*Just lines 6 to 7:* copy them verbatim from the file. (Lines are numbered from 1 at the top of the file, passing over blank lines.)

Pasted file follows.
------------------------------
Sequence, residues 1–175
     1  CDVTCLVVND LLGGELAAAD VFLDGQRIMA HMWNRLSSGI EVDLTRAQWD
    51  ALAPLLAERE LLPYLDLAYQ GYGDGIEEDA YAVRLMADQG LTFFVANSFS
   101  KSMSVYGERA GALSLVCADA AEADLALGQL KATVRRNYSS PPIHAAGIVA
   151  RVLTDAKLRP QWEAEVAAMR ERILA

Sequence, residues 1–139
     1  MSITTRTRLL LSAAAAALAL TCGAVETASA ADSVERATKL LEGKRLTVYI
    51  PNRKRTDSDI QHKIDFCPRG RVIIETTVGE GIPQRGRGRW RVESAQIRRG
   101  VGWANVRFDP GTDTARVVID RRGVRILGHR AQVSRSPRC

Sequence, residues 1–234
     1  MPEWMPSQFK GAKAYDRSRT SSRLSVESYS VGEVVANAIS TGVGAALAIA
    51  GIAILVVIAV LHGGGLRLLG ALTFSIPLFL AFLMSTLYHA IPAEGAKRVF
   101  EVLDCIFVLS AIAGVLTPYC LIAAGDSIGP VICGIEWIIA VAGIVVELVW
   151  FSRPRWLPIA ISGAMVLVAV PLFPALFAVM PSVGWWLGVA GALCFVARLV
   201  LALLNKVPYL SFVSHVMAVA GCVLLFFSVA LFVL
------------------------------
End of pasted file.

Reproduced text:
Sequence, residues 1–139
     1  MSITTRTRLL LSAAAAALAL TCGAVETASA ADSVERATKL LEGKRLTVYI